Fanboys are a fickle bunch. Rare is the moment when they’re expectations are met, let alone exceeded, but the first season of Starz’s Ash vs Evil Dead did just that (you can read our own Nick Berg’s review of it here). After years of clamoring for more Ash and the deadites, producers Sam Raimi, Robert Tapert, Greg DeGregario and Bruce Campbell gave fans exactly what they wanted, and it was freaking amazing. Naturally, expectations are high for season two, and I can say after screening the first two episodes, they are once again exceeded.
Home, the first episode of the season, finds Ash (Bruce Campbell), Pablo (Ray Santiago) and Kelly (Dana DeLorenzo) living it up in Jacksonville Florida, trying to forget their recent run in with the forces of evil (having pawn responsibilities on Lucy Lawless’ Lucy), and the impending doom they are bringing. A visit from a few deadites sends the trio to Ash’s hometown of Elk Grove Michigan to search for Lucy, where Ash is forced to confront the backlash from the events in the first Evil Dead film, as well as his strained relationship with his father (Lee Majors).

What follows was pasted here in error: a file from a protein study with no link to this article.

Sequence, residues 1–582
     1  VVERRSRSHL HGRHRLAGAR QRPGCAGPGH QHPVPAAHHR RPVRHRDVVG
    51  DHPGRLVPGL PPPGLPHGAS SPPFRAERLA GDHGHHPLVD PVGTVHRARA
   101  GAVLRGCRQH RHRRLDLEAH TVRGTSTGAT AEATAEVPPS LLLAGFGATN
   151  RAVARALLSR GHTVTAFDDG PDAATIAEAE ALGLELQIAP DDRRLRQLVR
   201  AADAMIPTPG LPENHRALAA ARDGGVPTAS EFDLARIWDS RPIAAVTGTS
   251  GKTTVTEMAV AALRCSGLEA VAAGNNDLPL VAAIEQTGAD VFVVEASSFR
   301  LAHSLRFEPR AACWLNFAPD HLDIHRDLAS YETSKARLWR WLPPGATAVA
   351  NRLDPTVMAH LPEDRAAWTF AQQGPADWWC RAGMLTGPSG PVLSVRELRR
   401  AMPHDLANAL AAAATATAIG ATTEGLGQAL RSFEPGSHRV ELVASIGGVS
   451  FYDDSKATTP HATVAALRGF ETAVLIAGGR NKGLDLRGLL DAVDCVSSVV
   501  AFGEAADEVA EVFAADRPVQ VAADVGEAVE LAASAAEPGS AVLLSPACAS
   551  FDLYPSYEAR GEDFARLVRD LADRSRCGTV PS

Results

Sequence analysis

Home was directed by Rick Jacobson, but this is every bit of Sam Raimi’s Evil Dead. Like most of season one, Home is an absolute blast to watch. Ash’s perfectly cheesy one liners are sandwiched between grin inducing action and over the top gore (which is actually a bit more reminiscent of Peter Jackson’s Dead Alive, if that gives an indication of how over the top it is). The casting of Lee Majors as Ash’s dear old dad Brock Williams is absolutely inspired. We quickly see that the apple doesn’t fall far from the tree, and watching Majors play an aged version of Campbell’s Ash is fantastic. We also get a pretty great Six Million Dollar Man reference from Majors.
The second episode of the season, The Morgue, tones down the action a bit. Ash and Kelly are on the hunt for the Necronomicon, while Pablo confronts Lucy about his connection to the book. We’re treated to a bit more of the Evil Dead 2/Army of Darkness slapstick action, though the tone is definately a bit more gross-out than we’ve seen in the franchise before. It’s still petty fun to watch though, thanks primarily to Campbell’s manic performance. We also get to see a bit more of Lawless in the episode, and based on what we’ve seen from season two so far, we’ll be seeing a lot more of her than in season one, which is very welcomed. The Morgue doesn’t stand up quite as good as Home does, but like the weaker episodes of season one, it’s still better than most everything else on TV.
If the first two episodes are any indication of what we can expect from the rest of season two, the sophomore year of Ash vs Evil Dead is going to be one hell of a good time. Season Two of Ash vs Evil Dead premieres Sunday October 2nd on Starz.